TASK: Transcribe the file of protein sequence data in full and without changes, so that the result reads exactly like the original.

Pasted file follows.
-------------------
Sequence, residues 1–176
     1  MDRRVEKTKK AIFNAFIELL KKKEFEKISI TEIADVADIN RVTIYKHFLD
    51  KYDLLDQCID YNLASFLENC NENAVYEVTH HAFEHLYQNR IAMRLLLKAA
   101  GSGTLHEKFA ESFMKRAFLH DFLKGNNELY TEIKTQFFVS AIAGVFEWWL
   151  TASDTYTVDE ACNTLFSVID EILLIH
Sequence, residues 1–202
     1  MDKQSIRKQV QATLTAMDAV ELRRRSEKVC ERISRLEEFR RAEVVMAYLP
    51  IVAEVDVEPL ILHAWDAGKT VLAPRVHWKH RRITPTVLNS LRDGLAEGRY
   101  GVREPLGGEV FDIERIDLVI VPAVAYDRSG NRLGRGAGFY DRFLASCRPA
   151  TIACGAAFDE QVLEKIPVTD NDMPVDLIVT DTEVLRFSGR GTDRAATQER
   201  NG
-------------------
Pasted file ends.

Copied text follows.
Sequence, residues 1–176
     1  MDRRVEKTKK AIFNAFIELL KKKEFEKISI TEIADVADIN RVTIYKHFLD
    51  KYDLLDQCID YNLASFLENC NENAVYEVTH HAFEHLYQNR IAMRLLLKAA
   101  GSGTLHEKFA ESFMKRAFLH DFLKGNNELY TEIKTQFFVS AIAGVFEWWL
   151  TASDTYTVDE ACNTLFSVID EILLIH
Sequence, residues 1–202
     1  MDKQSIRKQV QATLTAMDAV ELRRRSEKVC ERISRLEEFR RAEVVMAYLP
    51  IVAEVDVEPL ILHAWDAGKT VLAPRVHWKH RRITPTVLNS LRDGLAEGRY
   101  GVREPLGGEV FDIERIDLVI VPAVAYDRSG NRLGRGAGFY DRFLASCRPA
   151  TIACGAAFDE QVLEKIPVTD NDMPVDLIVT DTEVLRFSGR GTDRAATQER
   201  NG